For every speaker that mounted the podium, there is something new to offer. And for Amarachi, the light was beamed on managing newly found freedom, language barrier, being homesick, managing distractions and remaining focused on the real business, managing ill health and dealing with some embarrassing questions. Encouraging the students to make proper and maximum use of the opportunity their admission into the various institutions of learning has brought their way, Amarachi advised that they should enjoy their freedom with caution. “There are enough distractions around but you need to be focused. Do not get involve in some things that will not add value to your life and studies.” Noting that the students may in the process of adjusting to the new environment experience such challenges like language barrier, reaction to food, water and may even fall ill, Amarachi urged them to endeavour to take right steps and actions. “When you are having challenges in your studies, please confide in your professor. And when you have such issue like ill health to deal with, don’t go on self diagnosis or self medication, go to the clinic, it is important she stressed.”

Drawing from his wealth of experience, Mr. Oluwafemi Esan who had his Masters in Applied Geophysics from the States, with a sense of maturity told the students that it is important that they maintain a good relationship with their professors. According to him, “one principal thing students need is the interaction with their professors. Professors in the US are not exactly like professors in Nigeria. Here, we have them as teachers and that is what forms most of the core responsibility of our lecturers but over there, it is research.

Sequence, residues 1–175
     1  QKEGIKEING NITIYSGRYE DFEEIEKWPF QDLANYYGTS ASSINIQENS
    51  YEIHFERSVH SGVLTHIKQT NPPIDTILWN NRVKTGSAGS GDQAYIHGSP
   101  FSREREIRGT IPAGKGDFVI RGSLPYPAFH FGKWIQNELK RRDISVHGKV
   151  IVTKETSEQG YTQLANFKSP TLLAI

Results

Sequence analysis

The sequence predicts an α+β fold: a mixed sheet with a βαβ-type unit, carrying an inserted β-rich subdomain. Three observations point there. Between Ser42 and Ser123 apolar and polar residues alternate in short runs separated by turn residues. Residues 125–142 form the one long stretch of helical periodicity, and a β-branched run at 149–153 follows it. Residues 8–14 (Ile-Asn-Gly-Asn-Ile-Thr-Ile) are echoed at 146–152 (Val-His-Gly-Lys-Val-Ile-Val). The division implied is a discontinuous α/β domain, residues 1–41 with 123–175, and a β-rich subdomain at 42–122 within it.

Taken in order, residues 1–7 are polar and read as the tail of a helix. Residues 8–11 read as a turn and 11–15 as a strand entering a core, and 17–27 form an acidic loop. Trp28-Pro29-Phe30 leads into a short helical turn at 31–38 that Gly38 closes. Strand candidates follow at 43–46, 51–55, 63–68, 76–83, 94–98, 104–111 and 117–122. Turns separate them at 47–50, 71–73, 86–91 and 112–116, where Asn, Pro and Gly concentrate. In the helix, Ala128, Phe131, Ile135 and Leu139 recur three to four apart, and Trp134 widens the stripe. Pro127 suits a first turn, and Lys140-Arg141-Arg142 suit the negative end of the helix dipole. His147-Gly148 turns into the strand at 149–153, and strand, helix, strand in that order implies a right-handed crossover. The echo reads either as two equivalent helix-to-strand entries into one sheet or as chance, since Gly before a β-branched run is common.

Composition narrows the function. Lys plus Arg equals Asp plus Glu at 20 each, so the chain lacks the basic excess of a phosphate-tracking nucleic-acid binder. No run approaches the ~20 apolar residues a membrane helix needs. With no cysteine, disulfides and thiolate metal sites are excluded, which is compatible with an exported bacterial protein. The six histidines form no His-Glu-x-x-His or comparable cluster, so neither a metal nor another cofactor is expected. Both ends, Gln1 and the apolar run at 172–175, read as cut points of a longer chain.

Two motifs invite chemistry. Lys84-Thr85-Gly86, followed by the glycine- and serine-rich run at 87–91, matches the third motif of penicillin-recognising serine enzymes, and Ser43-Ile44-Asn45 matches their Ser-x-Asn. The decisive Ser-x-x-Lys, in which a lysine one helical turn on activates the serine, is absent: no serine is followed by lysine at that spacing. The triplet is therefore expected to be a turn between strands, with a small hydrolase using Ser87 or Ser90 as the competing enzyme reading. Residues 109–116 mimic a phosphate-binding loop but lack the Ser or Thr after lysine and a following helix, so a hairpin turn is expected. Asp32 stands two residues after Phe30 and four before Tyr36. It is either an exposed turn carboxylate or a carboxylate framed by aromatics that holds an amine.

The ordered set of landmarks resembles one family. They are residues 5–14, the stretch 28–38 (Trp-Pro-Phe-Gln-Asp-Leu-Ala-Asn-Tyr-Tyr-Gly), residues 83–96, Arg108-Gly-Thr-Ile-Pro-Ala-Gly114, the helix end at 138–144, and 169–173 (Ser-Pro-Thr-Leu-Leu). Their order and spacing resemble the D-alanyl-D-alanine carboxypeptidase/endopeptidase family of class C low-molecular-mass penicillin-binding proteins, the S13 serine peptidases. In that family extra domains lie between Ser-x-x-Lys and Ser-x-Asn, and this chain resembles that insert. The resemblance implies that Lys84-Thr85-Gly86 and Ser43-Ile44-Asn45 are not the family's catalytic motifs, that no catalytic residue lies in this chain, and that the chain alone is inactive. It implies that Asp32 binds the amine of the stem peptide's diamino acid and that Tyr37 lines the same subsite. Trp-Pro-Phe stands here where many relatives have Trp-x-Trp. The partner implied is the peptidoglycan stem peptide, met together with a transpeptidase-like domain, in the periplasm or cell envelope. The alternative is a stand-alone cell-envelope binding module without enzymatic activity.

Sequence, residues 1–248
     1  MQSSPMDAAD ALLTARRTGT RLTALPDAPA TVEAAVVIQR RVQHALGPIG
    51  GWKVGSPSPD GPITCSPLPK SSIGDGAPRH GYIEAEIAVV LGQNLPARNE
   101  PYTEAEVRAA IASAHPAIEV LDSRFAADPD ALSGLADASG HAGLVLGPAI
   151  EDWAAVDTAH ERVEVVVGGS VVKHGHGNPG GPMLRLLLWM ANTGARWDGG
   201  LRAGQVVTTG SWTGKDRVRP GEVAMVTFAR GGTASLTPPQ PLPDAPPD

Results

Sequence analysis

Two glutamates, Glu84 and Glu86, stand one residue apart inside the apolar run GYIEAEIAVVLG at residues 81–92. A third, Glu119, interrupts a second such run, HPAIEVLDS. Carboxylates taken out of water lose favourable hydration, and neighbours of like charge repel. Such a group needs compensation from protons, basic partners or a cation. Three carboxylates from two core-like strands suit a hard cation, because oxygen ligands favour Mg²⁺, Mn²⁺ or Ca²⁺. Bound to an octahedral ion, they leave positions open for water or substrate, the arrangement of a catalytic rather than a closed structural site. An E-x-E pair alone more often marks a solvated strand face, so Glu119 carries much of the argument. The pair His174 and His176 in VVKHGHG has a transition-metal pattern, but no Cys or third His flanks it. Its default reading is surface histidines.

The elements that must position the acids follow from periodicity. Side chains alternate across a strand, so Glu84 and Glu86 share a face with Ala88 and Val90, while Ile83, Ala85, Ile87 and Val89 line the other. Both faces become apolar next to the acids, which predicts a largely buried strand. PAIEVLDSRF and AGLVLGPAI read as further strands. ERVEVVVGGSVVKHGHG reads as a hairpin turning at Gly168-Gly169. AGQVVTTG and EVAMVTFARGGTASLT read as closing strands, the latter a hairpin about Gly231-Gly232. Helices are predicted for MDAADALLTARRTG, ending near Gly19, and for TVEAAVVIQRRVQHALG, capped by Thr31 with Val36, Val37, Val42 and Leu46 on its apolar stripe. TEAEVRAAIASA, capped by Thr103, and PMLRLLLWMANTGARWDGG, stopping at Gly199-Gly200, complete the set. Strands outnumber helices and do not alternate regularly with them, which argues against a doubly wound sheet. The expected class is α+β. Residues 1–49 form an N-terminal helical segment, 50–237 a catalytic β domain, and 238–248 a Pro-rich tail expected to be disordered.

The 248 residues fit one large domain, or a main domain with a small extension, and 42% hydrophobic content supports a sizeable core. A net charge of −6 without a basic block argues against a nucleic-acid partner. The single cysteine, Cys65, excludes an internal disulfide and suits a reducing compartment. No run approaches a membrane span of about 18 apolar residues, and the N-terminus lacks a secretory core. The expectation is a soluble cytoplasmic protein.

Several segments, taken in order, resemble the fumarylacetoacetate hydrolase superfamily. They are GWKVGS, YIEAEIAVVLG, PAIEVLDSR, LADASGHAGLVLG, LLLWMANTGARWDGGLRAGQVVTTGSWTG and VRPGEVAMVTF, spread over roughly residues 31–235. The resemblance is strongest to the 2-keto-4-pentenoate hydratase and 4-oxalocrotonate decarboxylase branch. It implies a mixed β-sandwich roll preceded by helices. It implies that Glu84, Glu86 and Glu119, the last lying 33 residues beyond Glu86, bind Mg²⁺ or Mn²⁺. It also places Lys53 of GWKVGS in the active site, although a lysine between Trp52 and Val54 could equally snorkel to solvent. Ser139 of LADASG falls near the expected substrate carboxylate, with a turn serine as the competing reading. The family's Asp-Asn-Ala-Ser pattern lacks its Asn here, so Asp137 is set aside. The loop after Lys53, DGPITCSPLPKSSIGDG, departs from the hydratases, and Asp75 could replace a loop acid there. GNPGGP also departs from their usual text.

“So, you may have a professor for a whole semester he has not taken any classes. Look for professors in the line of the research you are interested in and start communicating with them,” he advised.

Speaking further, Esan advised the students not to cut corners. Stressing that hard work would earn any diligent student good grades. “Manage your time well, do not cut corners. If you do the hard work, you can get “A”. And getting “A” in the U.S., some people say it is easy and some will say it is not. But if you have chosen to work hard, and will not wait till the last minute before you study, then getting “A” will be easy.

“If you are interested in cramming and you wait till the very last minute, you will find the U.S. educational system very, very difficult. Because in most cases, by the time you get to the exam hall you are only struggling for may be 30 or 40 per cent. Every class matters. And once you finish a class, go over your notes. Form a relationship with your classmates.”

Urging them to maximise the opportunity that their studentship as well as the environment would be bringing their way, Esan advised them to do volunteer works like volunteering to work as a research assistant to the professors. “You have a lot to learn and those contacts matter at the end of the day. What you can also do is to join professional associations and as many as possible. For most of these associations, student membership is free. Most oil companies go to specific schools to recruit and if your school is not on the list, you may not be able to interact or do internship with them. Who knows you matters and not necessarily who you know. So, look for opportunity for people to know you, print your own complimentary cards, introduce yourself when you attend professional association meetings and conferences,” he counselled.

For the visibly excited Osifalujo Aderola, an alumni of Federal Government Girls College, 2014 set, who will be studying Psychology as a premed in the Northern Kentucky University told THISDAY, “Right now, I am at the pre-departure orientation programme for students who will be going to America this August.